Do you find yourself wondering what you will be doing with your free time now that you are not drinking, using drugs or gambling?
Are you bored and worried that you will never really enjoy yourself again?
Did most of the things you used to do involve alcohol, drug use, or gambling?
These are some of the questions you might be asking yourself now that you are in recovery. These questions are all about the role of leisure in your life now that you have quit drinking, using drugs or gambling. You CAN have fun without using alcohol, drugs or gambling, but you may need to make some changes.
Much of your leisure time in the past probably involved alcohol, drugs or gambling. The challenge is to find things you like to do, and learn to do them without using or gambling. Over time, you need to develop positive leisure routines and connect with people to have fun with in healthy ways.
Leisure means different things to different people. Some people like to do sports or hobbies. Others define leisure as free time spent away from chores, work, school or other obligations.
Leisure can be something active or something inactive. It can be physical like sports and running, or it can be reading a book or working in the garden.
It can be something you do with other people, or on your own. If it's something that you like to do and simply makes you feel good, it's leisure!
Making changes can be tough. You may need time to figure out what you like to do best. It might take time before you feel you fit into a "clean and sober" world. However, it does get easier!
Research shows people need regular physical activity every week to be healthy. As you look at making leisure changes, plan to get active. Start up slowly and build up your activity levels. Choose activities that will help you increase your endurance, flexibility and strength. You will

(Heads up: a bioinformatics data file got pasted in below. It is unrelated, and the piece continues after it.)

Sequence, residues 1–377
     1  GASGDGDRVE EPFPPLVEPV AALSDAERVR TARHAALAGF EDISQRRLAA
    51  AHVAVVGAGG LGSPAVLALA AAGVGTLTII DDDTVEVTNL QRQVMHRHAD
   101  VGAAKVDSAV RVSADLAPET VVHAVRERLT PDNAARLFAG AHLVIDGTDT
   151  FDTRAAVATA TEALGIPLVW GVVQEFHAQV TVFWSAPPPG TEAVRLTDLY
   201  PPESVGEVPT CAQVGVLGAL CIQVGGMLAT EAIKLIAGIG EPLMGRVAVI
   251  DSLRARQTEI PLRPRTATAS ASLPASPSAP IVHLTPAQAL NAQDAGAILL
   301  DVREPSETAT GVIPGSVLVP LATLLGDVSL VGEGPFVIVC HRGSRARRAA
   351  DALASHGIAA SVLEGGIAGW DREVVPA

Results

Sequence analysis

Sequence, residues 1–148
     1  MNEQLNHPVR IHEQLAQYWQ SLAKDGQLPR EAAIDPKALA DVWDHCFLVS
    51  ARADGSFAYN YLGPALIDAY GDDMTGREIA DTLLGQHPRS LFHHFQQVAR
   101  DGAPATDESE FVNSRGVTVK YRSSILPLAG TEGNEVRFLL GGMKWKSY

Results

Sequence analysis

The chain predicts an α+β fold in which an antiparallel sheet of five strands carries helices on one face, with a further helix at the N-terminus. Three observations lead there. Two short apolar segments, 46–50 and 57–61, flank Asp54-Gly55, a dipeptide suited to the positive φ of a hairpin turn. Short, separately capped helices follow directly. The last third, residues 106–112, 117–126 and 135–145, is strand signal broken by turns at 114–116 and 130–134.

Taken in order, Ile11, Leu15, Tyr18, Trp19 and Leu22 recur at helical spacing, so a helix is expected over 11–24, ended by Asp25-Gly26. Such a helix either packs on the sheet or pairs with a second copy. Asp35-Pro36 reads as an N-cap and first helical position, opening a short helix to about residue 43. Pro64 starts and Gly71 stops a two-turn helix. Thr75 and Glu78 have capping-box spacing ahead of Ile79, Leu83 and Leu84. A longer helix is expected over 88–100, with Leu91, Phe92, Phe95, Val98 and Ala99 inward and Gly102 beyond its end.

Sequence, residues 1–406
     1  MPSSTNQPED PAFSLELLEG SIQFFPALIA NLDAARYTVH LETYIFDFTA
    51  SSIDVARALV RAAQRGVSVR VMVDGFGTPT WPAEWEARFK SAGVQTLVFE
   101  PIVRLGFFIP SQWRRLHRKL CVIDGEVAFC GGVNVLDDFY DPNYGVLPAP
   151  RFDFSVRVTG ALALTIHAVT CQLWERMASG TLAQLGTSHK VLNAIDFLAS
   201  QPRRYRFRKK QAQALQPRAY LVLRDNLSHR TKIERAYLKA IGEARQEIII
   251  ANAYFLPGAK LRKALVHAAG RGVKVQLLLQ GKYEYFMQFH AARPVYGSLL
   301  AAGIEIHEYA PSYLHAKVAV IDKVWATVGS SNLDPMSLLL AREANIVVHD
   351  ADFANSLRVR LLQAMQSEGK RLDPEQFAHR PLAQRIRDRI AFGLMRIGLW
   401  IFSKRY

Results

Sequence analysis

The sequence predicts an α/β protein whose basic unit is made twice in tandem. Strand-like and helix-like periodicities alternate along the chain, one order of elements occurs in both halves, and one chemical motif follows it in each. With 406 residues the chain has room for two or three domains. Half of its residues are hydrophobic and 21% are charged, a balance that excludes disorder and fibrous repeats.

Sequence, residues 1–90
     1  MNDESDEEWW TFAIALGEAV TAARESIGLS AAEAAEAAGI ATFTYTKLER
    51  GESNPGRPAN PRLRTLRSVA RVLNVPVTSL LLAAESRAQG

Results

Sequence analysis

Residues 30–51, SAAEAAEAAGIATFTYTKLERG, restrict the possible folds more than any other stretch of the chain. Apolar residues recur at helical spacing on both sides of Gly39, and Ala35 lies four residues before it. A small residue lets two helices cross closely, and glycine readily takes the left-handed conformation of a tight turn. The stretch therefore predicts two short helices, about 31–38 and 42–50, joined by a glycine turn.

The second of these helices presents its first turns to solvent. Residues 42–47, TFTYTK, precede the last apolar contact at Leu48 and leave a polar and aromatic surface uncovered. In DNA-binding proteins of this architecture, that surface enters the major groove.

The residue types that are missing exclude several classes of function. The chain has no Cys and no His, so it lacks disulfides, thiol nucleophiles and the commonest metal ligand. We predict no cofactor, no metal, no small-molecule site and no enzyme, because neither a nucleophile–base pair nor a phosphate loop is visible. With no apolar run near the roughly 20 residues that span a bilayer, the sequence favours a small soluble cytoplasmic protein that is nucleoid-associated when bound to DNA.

Some leisure activities may put you at risk for relapse. Team sports may involve bets. After playing a ball game the team may go out for a beer. Family gatherings, and events such as anniversaries, weddings, and Christmas may involve alcohol, other drugs or gambling. You may be tempted to return to your old ways of celebrating. You can avoid some of these situations, but not all. You need to plan how you will handle these situations ahead of time.
List your activities that may involve others using alcohol, drugs or gambling and develop an "action plan" for dealing with this.
Activity: Ball tournament
Even with great intentions, sticking to a program may be difficult. Here are some tips to help.
Being motivated is the key to sticking with something new. At first, motivation can come from those around you. You might try new activities at the suggestion of a friend or a counsellor, but to continue with something new the motivation must eventually come from inside you.
For example, you may join a team sport because somebody tells you it is healthy—once you start to actually feel healthier and stronger, you are likely to stick to it. If, on the other hand, you find that that the team has a poor attitude, or that you are going only because you are feeling pressured, you can look for another sport without feeling like a failure. Once you find the activities that are enjoyable and fun, make you feel better physically, and where you find a sense of belonging, you will find you want to go, not feel you have to go.
So pick a challenge—not too hard, not too easy—and build that motivation within. Steer clear of pressure and stay in charge. Facing comfortable challenges will make you feel competent and gives you incentive to do more.
Here are some tips to help you build this inner motivation:
Over time, your leisure interests will change. What you commit to today will change as you progress through your recovery. You will find new and exciting activities to get involved in. You may want to get back into some activities that we were part of your life before you got into using or gambling. Remember that the leisure plan you develop today is not set in stone—you need to keep working on it and change it as your interests and experiences change.
Remember that the challenges you accept today set the foundation for your activities tomorrow!
For more information and to find an addiction services office near you, please call the 24-hour Helpline at 1-866-332-2322 (Alberta only).